public static String getCurrencySymbol(String currencyCode) {
        Currency currency = Currency.getInstance(currencyCode);
        System.out.println( currencyCode+ ":-" + currency.getSymbol(currencyLocaleMap.get(currency)));
        return currency.getSymbol(currencyLocaleMap.get(currency));
    }
}

The output of above program is like that:

USD:-$
JPY:-¥
GBP:-£
INR:-Rs.
share|improve this answer
1  
Thanks Amrit, this is exactly what I was looking for. –  Ram Dutt Shukla Mar 12 '13 at 5:12

You are seeing what Java thinks users in your default locale expect to see for a currency symbol. This is also confirmed by the Javadocs for getSymbol():

Gets the symbol of this currency for the default locale. For example, for the US Dollar, the symbol is "$" if the default locale is the US, while for other locales it may be "US$". If no symbol can be determined, the ISO 4217 currency code is returned.

By changing your default locale:

Locale.setDefault(Locale.UK); // e.g.

You can experiment to prove this for yourself. (Note: I'm not suggesting this is a solution, merely an opportunity for you to check what other locales see).

I would recommend you stick with whatever Java thinks is appropriate for your default locale - I'm sure it's understandable by your users.


It might seem attractive to seek the "normal" currency symbol for every currency, however take a look at the following currency list: http://www.xe.com/symbols.php.

Look how many countries recognise their currency with a $ symbol. Egypt also uses the British pound symbol (£). The whole idea behind the locale currency symbol is to give you a string that users in your locale will understand.

share|improve this answer
    
setting Default local to UK is giving me the EURO sign but now I am not getting the $ sign. –  Ram Dutt Shukla Feb 27 '13 at 7:50
    
The default locale may very well not be the locale of the user though - think webapp... –  Jon Skeet Feb 27 '13 at 7:50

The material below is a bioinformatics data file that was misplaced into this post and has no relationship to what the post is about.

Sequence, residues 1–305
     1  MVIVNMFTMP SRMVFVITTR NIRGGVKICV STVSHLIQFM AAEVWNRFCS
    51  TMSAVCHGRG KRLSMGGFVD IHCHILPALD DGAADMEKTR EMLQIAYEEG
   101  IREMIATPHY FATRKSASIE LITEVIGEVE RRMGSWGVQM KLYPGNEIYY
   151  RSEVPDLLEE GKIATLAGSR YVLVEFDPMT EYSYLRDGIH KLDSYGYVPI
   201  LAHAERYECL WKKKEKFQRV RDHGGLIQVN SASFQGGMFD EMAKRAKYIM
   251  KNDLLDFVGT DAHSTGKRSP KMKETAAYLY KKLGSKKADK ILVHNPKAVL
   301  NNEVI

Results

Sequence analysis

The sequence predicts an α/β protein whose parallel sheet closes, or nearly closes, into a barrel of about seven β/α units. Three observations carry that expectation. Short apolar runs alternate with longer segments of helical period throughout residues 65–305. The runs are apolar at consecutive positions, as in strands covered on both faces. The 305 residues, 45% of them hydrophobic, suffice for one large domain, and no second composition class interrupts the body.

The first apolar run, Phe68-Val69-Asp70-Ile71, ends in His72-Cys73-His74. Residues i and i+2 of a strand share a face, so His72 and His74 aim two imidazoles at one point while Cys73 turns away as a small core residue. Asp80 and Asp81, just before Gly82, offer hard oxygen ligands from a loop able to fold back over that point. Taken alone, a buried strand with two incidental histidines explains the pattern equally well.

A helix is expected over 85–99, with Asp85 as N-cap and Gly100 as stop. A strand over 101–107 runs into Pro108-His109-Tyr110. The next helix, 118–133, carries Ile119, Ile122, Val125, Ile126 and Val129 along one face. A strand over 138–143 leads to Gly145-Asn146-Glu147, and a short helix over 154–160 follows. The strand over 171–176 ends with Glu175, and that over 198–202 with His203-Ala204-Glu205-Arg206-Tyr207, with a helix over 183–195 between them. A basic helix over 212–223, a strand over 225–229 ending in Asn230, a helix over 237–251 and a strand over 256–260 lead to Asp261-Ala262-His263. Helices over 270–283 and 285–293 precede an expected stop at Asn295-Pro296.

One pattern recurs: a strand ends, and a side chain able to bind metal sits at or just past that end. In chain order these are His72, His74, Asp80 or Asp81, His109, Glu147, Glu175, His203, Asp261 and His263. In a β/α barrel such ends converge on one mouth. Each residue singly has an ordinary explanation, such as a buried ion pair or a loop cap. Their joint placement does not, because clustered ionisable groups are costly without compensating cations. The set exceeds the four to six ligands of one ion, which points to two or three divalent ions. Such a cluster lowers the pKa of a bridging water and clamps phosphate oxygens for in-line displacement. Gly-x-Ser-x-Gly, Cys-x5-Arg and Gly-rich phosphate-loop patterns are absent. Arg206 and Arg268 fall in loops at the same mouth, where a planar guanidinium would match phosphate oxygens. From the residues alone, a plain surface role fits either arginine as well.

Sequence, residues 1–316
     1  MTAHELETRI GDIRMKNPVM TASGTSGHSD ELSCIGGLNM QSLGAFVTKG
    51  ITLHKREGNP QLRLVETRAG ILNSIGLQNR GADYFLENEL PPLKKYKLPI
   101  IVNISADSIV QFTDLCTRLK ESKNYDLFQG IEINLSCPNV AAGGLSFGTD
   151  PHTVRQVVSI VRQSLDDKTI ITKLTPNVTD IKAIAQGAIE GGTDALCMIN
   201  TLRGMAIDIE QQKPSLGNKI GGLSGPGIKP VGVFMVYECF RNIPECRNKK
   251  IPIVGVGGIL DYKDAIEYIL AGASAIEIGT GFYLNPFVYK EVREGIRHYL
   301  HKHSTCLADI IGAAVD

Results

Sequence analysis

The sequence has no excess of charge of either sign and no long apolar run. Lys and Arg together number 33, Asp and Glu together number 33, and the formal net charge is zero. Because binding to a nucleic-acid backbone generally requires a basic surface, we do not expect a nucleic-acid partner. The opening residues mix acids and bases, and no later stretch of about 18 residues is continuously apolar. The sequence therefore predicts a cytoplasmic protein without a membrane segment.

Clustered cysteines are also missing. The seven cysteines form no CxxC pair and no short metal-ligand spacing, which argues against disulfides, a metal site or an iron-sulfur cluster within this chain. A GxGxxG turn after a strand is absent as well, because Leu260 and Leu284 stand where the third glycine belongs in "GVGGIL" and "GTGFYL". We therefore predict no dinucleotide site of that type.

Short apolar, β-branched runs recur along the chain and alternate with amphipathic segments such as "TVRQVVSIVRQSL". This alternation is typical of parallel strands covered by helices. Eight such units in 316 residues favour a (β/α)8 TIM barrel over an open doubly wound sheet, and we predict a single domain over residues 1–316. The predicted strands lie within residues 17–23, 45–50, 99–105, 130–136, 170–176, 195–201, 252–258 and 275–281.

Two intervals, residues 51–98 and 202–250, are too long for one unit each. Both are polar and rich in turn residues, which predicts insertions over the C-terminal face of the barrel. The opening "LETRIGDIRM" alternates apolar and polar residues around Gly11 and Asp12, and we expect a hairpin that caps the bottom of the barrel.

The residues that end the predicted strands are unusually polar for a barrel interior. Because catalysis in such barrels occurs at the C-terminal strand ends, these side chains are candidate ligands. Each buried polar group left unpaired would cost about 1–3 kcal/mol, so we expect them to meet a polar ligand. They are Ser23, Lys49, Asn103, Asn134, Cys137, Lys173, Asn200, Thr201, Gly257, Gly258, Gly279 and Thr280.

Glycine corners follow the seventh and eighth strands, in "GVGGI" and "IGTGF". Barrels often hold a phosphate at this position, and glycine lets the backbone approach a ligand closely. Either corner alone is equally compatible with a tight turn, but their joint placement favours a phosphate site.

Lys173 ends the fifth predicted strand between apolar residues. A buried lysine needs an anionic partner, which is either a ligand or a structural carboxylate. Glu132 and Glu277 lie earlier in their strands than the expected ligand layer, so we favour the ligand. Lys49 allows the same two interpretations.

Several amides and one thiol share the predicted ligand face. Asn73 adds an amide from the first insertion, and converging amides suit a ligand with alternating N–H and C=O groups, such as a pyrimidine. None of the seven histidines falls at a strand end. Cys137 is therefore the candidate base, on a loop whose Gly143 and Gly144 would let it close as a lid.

1  
@JonSkeet But that's always going to be a challenge for webapps. Even down to what the time should be considered to be. I would have thought most webapps were either fixed to a locale (in a "deal with it, user" sense) or would allow the user to select a locale, timezone, etc. –  Duncan Feb 27 '13 at 7:52
    
Anyway, that seems to be wrong approach to get the $ sign for the US currency on all machines. But good to know/to remember. If we rely on the wrong assumption that we get the $ that way, software may fail on other machines. –  Andreas_D Feb 27 '13 at 7:53
    
@Andreas_D For many countries, $ means something else anyway. In Australia, for example, or Hong Kong. –  Duncan Feb 27 '13 at 7:54

A simpler solution, based on Amrit Raj Sharma's answer:

Just add the locale as a parameter to the getSymbol() method.

So, change your code to:

import java.util.Currency;
import java.util.Locale;

public class CurrencyFormat
{
  public void displayCurrencySymbols() 
  {
   Currency currency = Currency.getInstance(Locale.US); 
   System.out.println("United States: " + currency.getSymbol(Locale.US));
  } 
  public static void main(String[] args)
  {
    new CurrencyFormat().displayCurrencySymbols();
  }
}
share|improve this answer